By Julie Lawrence Special to Published Jul 03, 2008 at 1:15 AM Photography: Whitney Teska

Alkaline Trio released a new record, "Agony & Irony" (Epic) on Tuesday, July 1 and played Summerfest's U.S. Cellular stage the next day.

Chances were, the Chicago-based band was pumped to play its new stuff to an ample crowd of eager, new-found fans, and was not going to waste its time with vintage revelry.

We couldn't have been more wrong.

Despite the new, radio-friendly material encompassing the majority of "Agony & Irony," Matt Skiba, Dan Andriano and Derek Grant dove head first into a nostalgic set, beginning with the opening track from the 2001 Vagrant Records release "From Here to Infirmary."

"Private Eye" led the way for "Clavicle" from "Goddamnit" and it quickly became apparent that the band was catering more to the fans from '98, as opposed to those unfamiliar with the material from this year's 10-year anniversary Asian Man Records re-release of "Goddamnit Redux."

The predominantly under-21 crowd perked up for recent hits like "Mercy Me" and several newbies like "Help Me" and "In Vein" (thank you,, but the lifers showed their colors during near-perfect renditions of Alkaline Trio classics like "Armageddon," 'Crawl" and the song that ultimately brings down the house every time, "Radio."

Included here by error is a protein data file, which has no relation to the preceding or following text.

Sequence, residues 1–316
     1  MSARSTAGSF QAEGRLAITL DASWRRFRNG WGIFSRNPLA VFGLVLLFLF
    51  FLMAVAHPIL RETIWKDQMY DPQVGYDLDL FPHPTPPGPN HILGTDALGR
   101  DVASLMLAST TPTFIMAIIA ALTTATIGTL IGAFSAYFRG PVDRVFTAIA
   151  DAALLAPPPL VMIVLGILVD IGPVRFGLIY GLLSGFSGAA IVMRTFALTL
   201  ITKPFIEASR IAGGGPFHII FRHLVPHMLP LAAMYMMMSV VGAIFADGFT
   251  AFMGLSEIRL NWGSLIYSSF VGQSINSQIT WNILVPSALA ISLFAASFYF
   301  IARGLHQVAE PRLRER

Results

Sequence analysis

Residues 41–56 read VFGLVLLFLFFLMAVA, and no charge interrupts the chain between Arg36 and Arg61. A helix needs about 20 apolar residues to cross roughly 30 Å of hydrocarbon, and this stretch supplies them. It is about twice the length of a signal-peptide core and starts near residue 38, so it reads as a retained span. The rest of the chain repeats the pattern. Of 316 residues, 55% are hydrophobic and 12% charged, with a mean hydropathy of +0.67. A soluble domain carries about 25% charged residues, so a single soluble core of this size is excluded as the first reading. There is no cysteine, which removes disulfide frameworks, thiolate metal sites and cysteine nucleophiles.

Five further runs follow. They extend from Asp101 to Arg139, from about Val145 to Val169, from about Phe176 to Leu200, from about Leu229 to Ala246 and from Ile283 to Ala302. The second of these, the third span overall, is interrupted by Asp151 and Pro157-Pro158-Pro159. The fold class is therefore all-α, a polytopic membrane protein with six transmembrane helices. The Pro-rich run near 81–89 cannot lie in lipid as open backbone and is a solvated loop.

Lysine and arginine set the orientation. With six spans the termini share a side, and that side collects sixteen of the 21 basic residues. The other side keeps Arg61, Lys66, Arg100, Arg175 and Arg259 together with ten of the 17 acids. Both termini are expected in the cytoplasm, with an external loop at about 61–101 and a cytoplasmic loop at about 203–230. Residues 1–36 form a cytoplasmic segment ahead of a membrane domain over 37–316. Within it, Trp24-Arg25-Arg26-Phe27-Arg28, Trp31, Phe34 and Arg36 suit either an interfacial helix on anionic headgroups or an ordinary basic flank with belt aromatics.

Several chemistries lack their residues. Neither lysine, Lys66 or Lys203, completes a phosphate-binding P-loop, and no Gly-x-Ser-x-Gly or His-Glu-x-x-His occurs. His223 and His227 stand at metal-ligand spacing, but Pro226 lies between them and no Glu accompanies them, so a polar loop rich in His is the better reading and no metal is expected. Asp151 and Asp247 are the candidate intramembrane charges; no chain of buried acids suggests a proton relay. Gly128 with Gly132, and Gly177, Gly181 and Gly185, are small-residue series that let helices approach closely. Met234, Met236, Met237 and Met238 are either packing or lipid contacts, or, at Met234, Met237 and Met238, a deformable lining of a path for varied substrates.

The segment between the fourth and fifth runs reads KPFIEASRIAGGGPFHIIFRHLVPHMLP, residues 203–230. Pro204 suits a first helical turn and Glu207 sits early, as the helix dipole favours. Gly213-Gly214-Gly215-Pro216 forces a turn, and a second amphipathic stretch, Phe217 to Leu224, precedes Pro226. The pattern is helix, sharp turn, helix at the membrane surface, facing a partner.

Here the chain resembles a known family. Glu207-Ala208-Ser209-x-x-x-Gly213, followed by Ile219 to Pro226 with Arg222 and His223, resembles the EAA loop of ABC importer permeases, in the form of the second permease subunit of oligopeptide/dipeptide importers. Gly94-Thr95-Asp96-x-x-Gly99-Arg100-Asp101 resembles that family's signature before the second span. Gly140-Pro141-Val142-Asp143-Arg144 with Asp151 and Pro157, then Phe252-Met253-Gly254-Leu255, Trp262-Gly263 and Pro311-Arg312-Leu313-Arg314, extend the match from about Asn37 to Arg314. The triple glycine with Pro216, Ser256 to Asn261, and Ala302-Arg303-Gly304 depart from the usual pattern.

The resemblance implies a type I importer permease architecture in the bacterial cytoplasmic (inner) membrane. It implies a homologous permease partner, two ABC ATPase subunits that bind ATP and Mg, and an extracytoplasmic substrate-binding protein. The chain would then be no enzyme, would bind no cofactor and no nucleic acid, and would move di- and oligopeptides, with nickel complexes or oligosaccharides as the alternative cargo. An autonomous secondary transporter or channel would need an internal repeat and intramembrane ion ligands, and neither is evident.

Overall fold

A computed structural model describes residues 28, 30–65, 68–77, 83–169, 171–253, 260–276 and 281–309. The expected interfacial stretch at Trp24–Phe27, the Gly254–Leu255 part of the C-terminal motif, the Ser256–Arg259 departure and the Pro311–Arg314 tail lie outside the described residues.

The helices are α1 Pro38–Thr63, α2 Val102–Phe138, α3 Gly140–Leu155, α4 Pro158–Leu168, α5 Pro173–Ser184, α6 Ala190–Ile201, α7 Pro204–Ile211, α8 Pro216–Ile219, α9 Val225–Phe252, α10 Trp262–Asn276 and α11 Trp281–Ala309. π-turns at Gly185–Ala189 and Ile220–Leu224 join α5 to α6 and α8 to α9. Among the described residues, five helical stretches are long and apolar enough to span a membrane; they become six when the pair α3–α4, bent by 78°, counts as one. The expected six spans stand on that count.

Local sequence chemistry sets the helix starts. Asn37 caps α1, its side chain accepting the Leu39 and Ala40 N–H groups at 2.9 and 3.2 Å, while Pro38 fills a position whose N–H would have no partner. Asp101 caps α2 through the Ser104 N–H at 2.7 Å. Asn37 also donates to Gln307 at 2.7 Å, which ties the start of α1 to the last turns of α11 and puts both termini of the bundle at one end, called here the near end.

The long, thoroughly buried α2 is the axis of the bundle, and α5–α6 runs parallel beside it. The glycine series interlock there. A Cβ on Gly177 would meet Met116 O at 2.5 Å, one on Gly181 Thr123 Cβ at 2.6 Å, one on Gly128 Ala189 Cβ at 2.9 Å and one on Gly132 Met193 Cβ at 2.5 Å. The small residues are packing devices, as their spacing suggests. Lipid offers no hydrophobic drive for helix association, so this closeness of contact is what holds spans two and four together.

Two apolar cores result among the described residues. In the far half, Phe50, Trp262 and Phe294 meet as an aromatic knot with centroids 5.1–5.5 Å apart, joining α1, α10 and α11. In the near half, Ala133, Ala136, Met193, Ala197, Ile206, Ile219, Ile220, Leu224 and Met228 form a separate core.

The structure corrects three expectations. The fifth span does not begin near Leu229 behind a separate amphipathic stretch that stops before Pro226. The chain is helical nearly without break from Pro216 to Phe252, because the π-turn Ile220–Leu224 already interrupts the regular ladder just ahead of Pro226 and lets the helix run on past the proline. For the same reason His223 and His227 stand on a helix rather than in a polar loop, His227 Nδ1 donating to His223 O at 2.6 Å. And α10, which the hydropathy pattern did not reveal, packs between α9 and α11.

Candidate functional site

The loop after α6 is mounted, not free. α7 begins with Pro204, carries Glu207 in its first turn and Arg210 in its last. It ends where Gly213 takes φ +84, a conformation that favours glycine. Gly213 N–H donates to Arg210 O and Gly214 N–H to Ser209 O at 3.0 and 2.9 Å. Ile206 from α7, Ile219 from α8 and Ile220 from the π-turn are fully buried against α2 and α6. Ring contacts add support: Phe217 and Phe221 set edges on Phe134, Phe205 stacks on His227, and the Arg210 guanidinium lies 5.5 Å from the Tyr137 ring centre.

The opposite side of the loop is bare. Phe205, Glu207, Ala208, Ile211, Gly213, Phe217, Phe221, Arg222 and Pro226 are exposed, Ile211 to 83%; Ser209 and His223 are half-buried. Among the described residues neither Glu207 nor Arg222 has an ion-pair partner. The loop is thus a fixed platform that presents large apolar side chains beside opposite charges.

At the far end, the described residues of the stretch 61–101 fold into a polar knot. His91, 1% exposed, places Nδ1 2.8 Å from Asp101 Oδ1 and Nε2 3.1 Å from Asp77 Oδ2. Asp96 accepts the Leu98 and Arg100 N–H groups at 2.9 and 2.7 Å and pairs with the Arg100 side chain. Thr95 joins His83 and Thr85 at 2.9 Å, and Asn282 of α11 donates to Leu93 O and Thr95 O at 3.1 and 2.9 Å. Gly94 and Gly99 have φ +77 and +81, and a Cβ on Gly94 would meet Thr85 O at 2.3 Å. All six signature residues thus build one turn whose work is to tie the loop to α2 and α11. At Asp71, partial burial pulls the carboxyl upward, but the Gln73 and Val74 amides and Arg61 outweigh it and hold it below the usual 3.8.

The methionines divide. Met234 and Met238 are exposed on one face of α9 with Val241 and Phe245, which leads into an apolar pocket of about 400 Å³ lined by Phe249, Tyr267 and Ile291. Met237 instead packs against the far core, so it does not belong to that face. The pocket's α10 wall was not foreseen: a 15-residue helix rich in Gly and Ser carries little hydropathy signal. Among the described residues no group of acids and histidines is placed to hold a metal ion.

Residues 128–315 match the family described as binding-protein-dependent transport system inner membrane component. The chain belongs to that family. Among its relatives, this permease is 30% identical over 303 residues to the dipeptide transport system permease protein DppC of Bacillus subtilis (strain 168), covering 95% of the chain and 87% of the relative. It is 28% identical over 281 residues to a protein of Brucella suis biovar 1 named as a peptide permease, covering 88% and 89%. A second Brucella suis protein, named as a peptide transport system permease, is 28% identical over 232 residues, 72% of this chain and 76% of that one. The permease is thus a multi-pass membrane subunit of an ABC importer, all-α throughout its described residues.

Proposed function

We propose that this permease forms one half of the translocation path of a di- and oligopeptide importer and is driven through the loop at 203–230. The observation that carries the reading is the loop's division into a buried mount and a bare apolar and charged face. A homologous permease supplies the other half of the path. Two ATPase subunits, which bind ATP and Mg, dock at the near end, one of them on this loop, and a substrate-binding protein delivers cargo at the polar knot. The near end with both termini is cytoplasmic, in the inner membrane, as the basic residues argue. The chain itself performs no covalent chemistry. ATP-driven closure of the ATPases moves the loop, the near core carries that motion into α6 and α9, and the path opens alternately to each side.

There's just something about a sea of (relatively) young people shouting in unison, "I've got a big fat f*cking bone to pick with you, my darling" that justifies Alkaline Trio's existence. The truth is, the band hasn't evolved all that much since 1998, and, amazingly, the power pop, punk rock angst of love, loss, alcohol and death hasn't either. Alkaline Trio is essentially the same band is set out to be a decade ago and, despite the lineup changes, has remained true to its inner youthful demon.

The new record reveals Skiba swaying political with songs like "Over and Out," which relate obvious war-related grievances . But before you sweep it into the modern politico Green Day category, it's probably best to remember that Alkaline Trio, with its witty remarks and catchy hooks, is never going to out-grow an audience ready to embrace the darker, indulgent, introspective side of life, no matter how much fun it turns out being. Perhaps there's a message hidden in there somewhere, but you might have to sift through the party favors to get to it.


Julie Lawrence Special to staff writer Julie Lawrence grew up in Wauwatosa and has lived her whole life in the Milwaukee area.

As any “word nerd” can attest, you never know when inspiration will strike, so from a very early age Julie has rarely been seen sans pen and little notebook. At the University of Wisconsin-Milwaukee it seemed only natural that she major in journalism. When offered her an avenue to combine her writing and the city she knows and loves in late 2004, she knew it was meant to be. Around the office, she answers to a plethora of nicknames, including “Lar,” (short for “Larry,” which is short for “Lawrence”) as well as the mysteriously-sourced “Bill Murray.”